In the forests of northeastern U.S. cities, leaves decompose quickly, much more quickly than they do in more natural settings. This might seem counterintuitive because city soils are disturbed, of low quality, and polluted. City trees also grow tough, decay-resistant leaves to fight water loss, pollution, and the mouths of herbivorous insects. Soil organisms, however, play a huge role in starting leaf breakdown, notably earthworms, which are more abundant in urban soils than in natural soils. The greater warmth of urban soils is favorable to earthworms and other agents of decay, but the greater abundance of worms in U.S. city soils also reflects their alien origins. Most earthworms are not native to the United States; they came from Europe as settlers brought in plants and horticultural soils from their native homelands.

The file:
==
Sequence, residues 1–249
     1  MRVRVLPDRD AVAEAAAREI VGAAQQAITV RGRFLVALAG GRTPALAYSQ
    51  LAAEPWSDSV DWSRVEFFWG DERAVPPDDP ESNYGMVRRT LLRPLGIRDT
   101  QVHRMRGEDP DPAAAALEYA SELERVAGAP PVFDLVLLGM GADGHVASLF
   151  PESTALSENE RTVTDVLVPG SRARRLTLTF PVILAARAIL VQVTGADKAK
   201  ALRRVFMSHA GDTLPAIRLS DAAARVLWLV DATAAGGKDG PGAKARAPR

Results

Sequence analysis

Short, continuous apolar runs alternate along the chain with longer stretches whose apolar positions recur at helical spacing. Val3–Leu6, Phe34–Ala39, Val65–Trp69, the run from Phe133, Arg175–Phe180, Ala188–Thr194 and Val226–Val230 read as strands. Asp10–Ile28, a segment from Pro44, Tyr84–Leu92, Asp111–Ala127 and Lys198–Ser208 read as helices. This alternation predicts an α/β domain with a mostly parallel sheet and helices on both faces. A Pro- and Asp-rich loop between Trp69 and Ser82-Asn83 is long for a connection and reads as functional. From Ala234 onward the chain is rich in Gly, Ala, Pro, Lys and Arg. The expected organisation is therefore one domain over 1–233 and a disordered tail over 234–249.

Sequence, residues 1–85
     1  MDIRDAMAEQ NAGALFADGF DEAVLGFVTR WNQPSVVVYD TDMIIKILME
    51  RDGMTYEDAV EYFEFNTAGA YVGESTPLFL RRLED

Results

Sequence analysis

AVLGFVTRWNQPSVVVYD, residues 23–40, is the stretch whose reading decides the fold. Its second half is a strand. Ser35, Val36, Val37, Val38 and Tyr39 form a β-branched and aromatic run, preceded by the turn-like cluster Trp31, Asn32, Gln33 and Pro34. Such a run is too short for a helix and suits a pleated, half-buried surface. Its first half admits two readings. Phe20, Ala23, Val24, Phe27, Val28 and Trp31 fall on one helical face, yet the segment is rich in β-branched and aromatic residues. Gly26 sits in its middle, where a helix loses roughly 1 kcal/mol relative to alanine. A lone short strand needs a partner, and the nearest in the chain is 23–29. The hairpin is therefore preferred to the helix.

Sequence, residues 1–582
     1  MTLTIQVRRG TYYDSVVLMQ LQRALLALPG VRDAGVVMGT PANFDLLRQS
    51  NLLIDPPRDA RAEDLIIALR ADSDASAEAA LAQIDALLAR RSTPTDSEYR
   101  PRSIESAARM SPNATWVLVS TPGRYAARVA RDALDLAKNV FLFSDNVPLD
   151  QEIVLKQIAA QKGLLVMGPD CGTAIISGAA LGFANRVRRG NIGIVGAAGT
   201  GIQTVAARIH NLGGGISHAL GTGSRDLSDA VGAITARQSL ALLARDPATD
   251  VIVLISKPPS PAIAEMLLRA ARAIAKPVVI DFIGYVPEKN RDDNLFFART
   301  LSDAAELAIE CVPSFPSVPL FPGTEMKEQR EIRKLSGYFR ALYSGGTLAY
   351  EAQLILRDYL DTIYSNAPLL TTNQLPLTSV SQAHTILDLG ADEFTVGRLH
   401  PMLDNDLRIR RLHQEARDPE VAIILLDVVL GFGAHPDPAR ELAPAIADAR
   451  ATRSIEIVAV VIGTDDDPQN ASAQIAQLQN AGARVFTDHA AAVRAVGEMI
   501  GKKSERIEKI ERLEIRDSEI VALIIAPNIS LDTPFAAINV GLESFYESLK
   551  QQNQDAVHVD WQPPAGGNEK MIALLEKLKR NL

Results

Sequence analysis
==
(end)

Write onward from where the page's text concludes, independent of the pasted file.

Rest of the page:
Some of the most familiar invaders, such as "night crawlers" and "red wigglers," are clearly enhancing soil fertility and even helping stem climate change. . . . Carbon is also quickly stripped from the decaying plant matter by worms and stored in the soil. This may be the worm's greatest gift. Increasing the capacity of our soils to sequester carbon is a significant step that helps counter the carbon we release into the atmosphere.John M. Marzluff, Welcome to Subirdia: Sharing Our Neighborhoods with Wrens, Robins, Woodpeckers, and Other Wildlife (New Haven: Yale Univ. Press, 2014), p. 167